, but also related to CustomersFinalRole
On a large project developing a new product for eventual sale through a channel, WhoIsTheCustomer
? It appears that there are various sorts of GoldOwner
- IntellectualCapitalist? - caused the project to spring into being through sheer force of will, made it possible by inventing key technologies. Has a vision of what the product should be.
- Finance / CEO - is funding the project. The real GoldOwner.
- Product Marketing - is trying to do product design. Wants to create a product for a particular niche.
- Marketing for co-operating products - wants certain features in order to make their product work well with ours.
- Sales / Reseller - wants a set of bullet points, and some cool demos, in order to be able to make the sale.
- EndUserPurchaser? - someone who will be paying for the thing once it is made.
- EndUserAdministrator? - the person who will have to maintain the system, and answer questions locally.
- EndUser - the person using the system daily.
- EndUserCustomer? - the one who gains eventual benefit from the use of the system.
Do you appoint one person as the joint representative of all of these customer constituencies?
, the customer is the individual or group responsible for steering the project by defining UserStories
and feeding them to the team in the order of business value, as modified by the estimated cost of the story. TheCustomerSpeaksWithOneVoice
: the developers cannot, in XP, be required to resolve the customers' priorities for them. The customer team can be made up of any or all of the folks listed above. My own personal preference is for the customer to be made up of a team of folks who know things, led by a person with enough authority to break ties and make the sometimes difficult decisions of what to do and what to defer. -- RonJeffries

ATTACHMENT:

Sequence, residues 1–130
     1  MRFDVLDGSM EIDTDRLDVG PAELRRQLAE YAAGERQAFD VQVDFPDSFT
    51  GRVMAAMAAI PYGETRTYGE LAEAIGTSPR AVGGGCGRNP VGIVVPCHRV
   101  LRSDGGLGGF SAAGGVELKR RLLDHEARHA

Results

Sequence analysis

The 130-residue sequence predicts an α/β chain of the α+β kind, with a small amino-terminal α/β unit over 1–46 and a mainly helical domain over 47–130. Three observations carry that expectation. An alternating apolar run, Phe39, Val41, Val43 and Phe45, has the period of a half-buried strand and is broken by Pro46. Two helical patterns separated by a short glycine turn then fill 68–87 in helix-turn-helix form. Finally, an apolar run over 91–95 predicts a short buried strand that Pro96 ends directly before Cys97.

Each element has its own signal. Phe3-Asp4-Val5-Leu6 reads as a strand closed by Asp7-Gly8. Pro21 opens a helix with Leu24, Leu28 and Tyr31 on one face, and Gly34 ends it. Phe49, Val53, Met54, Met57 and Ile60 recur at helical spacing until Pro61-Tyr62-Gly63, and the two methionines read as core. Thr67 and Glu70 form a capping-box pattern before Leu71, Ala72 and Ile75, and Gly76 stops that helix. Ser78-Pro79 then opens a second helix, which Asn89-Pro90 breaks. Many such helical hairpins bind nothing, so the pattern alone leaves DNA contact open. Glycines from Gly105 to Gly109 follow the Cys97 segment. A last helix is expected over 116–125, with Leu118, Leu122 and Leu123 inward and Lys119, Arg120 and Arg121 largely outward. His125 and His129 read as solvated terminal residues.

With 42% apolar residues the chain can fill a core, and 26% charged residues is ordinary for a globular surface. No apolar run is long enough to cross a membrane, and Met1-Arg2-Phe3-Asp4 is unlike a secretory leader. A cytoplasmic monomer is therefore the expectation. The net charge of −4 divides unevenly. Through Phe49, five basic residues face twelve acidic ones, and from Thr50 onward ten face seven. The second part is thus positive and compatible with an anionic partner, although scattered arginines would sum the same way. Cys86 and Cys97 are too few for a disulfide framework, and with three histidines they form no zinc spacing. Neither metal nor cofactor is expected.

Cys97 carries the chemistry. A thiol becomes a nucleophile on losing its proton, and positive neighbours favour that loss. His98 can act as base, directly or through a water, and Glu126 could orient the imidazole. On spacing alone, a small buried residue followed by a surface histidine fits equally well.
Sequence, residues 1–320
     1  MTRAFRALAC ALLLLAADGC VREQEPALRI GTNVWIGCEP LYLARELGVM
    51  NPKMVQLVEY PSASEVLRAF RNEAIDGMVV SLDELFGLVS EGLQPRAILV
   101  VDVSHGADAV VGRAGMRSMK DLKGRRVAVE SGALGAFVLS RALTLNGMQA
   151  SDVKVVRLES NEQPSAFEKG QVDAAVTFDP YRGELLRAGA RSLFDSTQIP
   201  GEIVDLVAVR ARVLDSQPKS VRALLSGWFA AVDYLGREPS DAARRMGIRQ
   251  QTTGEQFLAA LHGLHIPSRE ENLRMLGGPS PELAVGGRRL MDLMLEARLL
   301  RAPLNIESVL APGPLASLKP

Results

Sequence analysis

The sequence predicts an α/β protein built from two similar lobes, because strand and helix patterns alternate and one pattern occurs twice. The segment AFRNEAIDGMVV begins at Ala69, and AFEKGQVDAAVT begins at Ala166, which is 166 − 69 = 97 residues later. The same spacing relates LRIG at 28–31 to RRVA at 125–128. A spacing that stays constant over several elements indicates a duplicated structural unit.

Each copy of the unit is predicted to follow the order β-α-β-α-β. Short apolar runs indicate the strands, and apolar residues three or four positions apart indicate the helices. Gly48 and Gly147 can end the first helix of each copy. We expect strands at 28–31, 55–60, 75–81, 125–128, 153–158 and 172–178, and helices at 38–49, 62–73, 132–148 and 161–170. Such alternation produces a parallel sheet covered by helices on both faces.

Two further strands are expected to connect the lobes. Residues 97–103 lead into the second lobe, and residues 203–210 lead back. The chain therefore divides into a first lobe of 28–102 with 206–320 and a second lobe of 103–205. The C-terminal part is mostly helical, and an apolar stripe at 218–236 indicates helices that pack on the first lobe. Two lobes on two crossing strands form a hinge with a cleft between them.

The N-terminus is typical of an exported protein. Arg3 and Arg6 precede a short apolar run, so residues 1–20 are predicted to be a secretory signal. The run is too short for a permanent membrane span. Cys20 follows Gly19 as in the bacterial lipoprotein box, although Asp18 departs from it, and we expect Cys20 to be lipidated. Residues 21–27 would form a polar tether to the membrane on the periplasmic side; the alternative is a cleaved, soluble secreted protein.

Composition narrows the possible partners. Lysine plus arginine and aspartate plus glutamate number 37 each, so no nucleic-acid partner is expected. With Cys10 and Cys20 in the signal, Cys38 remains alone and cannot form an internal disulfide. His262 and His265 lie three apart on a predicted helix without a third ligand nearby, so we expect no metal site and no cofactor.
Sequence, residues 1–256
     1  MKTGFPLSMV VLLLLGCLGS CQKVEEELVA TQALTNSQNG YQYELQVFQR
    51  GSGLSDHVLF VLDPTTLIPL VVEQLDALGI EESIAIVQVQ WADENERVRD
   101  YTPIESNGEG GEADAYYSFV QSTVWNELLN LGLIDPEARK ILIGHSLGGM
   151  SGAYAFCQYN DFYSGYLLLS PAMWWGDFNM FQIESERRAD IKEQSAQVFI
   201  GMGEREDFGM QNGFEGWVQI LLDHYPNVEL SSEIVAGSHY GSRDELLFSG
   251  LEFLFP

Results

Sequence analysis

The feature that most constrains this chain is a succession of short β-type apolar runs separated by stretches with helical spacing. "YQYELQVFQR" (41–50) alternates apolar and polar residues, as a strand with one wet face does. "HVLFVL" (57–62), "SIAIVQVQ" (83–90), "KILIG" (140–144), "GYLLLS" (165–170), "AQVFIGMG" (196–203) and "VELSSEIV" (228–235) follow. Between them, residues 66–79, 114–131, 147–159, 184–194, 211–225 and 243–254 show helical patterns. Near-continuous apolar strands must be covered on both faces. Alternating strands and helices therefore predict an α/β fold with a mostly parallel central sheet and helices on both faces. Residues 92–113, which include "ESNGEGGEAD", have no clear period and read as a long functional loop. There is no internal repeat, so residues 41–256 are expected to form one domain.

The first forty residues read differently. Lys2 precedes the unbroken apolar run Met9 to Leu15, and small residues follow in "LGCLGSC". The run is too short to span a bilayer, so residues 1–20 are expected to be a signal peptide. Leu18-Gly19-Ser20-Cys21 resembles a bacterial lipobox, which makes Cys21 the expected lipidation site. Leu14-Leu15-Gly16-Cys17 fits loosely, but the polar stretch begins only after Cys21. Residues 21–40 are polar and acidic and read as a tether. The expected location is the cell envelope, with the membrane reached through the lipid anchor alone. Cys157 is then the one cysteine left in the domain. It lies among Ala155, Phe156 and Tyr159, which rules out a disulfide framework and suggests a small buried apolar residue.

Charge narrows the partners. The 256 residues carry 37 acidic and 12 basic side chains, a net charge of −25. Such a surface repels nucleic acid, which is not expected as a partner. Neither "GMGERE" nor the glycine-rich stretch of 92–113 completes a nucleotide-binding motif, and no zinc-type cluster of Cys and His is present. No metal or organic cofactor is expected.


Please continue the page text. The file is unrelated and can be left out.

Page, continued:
The type of customer proposed here does not align with the following quotes taken from OnsiteCustomer
"If the client won't give you full-time, top-flight members, beg off the project. The client isn't serious." -- TomPeters
, The Professional Service Firm 50, p. 106
"A real customer must sit with the team, available to anwer questions, resolve disputes, and set small-scale priorities." -- KentBeck
, p. 60
It makes no sense to take the 'top-flight members' of your marketing team away from their marketing work.
It seems unavoidable that the 'folks who know things' will be unavailable for significant amounts of time.
If you break a 100-person project into 10 to 16 XP teams, then the "customer" of some teams will be other teams. This is because some teams will produce technical infrastructure, including frameworks, used by other teams. -- JeffGrigg
If you're interested in the various sorts of roles customers can play, don't miss the WorkshopOnCustomerInvolvement